TOKYO -- Three years ago this September, Japanese automakers learned a nasty lesson about the power of history and nationalism in China.
Their sales in the world’s No. 1 market plunged amid a violent public backlash against Japanese cars following a territorial row between Tokyo and Beijing. Their market share has yet to recover.
Unfortunately for the Japanese automakers, that not-so-distant history of Japan bashing may soon repeat itself. This August marks the 70th anniversary of the end of World War II. Domestic media in Japan already are fretting that Chinese consumers will sour again on Japanese brands as the two countries commemorate the war’s end.
Another backlash could be devastating for Japanese brands because their sales in China already significantly lag behind other markets, notably North America and Southeast Asia. Indeed, they are only slowly making up lost ground in China.
“We practically lost two years in our development in China,” Nissan Motor Co. CEO Carlos Ghosn told a small group of reporters last week. “Since these events, we consider that there [are some] consumers in China, for a lot of reasons, who would never consider a Japanese brand.”
Reasons to worry abound, as the anniversary of Japan’s Aug. 15, 1945 surrender approaches.
China’s government has a knack for holding foreign businesses hostage to its political agenda. And it infamously keeps public opinion on a short leash until the rabble-rousing suits its interests. The war’s end is a perfect platform to pontificate about Japan’s attitude toward its past.
Meanwhile, Japan’s conservative Prime Minister Shinzo Abe has done little to help the cause. He toes a hard line against China on several issues, including the territorial dispute over the rocky islands in the East China Sea that triggered the first backlash in 2012. But he also is criticized by some as being less than fully repentant for Japan’s role as an aggressor in World War II.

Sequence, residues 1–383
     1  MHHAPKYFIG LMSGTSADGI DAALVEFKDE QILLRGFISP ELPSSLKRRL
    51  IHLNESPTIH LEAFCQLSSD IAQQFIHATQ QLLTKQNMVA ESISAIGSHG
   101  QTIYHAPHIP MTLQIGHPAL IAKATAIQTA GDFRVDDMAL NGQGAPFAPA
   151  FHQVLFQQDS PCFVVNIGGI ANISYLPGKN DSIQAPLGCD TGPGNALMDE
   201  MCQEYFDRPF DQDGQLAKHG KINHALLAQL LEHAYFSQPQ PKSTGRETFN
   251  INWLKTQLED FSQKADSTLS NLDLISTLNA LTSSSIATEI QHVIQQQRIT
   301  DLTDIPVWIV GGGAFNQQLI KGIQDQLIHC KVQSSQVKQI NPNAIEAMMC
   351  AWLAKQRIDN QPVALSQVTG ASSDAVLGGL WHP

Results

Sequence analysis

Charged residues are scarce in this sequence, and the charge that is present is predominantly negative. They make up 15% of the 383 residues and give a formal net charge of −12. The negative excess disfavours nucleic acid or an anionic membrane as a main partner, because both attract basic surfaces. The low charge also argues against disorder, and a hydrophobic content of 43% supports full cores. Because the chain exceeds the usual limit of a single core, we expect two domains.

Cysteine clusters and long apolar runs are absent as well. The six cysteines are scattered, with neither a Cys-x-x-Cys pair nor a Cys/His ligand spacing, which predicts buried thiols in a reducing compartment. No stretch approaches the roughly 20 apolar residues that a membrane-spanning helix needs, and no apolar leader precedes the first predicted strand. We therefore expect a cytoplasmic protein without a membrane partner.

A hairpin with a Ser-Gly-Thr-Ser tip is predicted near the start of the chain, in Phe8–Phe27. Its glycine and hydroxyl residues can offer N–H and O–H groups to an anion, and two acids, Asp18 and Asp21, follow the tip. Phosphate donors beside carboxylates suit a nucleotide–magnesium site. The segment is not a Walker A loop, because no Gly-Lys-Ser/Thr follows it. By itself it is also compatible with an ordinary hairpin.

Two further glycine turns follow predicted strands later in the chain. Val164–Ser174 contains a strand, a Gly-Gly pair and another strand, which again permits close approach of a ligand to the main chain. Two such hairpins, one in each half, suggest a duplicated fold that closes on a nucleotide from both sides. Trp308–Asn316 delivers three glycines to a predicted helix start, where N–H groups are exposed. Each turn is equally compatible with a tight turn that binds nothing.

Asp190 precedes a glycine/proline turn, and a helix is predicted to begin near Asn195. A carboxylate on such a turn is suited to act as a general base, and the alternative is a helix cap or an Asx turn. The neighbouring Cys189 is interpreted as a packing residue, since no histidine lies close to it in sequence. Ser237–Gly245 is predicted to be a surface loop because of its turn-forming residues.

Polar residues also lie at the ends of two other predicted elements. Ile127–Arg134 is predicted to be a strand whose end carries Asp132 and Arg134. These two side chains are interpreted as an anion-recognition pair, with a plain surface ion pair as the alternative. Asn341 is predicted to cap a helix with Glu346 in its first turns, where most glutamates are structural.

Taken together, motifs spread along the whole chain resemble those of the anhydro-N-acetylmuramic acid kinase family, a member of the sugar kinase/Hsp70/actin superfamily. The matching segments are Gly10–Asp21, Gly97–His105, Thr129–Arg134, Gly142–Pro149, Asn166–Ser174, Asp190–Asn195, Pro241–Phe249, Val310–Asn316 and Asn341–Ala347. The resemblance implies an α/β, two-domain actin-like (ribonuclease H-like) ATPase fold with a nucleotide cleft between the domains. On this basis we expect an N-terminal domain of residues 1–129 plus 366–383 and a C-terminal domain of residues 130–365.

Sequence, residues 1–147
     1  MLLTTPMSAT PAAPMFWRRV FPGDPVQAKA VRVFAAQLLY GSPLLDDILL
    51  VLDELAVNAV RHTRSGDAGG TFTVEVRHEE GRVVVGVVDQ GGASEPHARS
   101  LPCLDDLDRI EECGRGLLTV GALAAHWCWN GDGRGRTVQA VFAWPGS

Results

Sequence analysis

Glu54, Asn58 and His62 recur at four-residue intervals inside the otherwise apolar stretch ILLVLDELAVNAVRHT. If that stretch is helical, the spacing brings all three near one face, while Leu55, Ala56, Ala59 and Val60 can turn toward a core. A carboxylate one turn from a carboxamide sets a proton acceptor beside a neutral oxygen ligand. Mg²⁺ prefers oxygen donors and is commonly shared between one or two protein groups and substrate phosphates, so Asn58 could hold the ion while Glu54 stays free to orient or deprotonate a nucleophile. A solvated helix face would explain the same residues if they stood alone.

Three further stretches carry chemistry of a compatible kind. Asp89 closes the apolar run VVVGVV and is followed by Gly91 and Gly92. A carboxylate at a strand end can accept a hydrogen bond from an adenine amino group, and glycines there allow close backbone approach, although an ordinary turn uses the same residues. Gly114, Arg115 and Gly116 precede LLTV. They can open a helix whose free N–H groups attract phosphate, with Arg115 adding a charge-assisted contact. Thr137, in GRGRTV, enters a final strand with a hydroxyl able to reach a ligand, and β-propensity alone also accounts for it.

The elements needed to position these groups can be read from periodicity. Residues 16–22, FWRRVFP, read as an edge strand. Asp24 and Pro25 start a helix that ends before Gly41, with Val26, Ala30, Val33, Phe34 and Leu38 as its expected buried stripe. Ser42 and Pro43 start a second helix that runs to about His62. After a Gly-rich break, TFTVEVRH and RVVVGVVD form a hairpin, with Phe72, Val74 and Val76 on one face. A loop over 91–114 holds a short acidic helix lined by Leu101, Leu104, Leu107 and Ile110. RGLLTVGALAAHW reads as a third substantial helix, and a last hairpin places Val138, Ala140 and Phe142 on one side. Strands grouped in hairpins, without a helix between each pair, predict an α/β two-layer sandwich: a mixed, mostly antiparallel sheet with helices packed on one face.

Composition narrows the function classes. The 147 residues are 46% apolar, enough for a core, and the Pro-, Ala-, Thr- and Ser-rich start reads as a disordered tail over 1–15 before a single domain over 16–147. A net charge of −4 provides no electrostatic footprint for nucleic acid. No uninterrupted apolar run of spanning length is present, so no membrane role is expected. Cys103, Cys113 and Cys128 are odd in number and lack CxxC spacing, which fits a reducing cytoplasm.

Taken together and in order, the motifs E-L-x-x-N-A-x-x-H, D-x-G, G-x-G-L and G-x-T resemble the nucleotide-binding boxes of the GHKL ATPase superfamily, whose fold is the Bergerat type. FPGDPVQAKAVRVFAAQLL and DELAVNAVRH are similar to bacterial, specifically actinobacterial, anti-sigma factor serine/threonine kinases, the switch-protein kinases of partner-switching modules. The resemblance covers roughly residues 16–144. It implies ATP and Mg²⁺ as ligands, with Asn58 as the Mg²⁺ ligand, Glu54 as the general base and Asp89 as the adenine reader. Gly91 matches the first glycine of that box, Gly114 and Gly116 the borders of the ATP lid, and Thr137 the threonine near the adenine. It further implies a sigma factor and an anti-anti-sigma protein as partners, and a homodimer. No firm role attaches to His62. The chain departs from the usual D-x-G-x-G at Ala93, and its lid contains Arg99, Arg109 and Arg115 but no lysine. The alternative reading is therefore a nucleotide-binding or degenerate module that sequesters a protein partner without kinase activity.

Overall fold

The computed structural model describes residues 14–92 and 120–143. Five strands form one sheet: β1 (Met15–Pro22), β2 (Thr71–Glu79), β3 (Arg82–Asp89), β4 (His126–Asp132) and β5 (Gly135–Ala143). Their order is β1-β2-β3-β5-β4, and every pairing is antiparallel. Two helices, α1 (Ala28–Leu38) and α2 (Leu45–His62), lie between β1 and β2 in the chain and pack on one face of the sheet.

Earlier this month, a group of 200 Western historians penned an open letter to Abe urging him to more forthrightly address Japan’s wartime past, when its army occupied large parts of China.
But a standoff could be brewing. Japanese media reported Abe plans to refrain from including any apology in his statements to mark the end of the war, though a final decision is pending.
Meanwhile, Abe’s wife fanned tensions last week by visiting Tokyo’s controversial Yasukuni Shrine, which is dedicated to Japan’s war dead, including some executed Class A war criminals.
Such visits are always a flashpoint for neighboring nations such as China and Korea.
Predictably, China condemned the move and called for Japan to “face up to” its history.
“We once again urge the Japanese side to face up to, and deeply reflect upon, its history of aggression and make a clean break with militarism,” China Foreign Ministry spokesman Hong Lei told reporters, according to Agence France Presse.
Abe himself reportedly has not visited since 2013, but conservative constituents in Japan may pressure him to do so in the runup to August. That could open the door for more recriminations in China.
With emotions guaranteed to run even higher during the countdown to the anniversary, Japan’s carmakers will be watching nervously to see whether they pay the price for a war long over.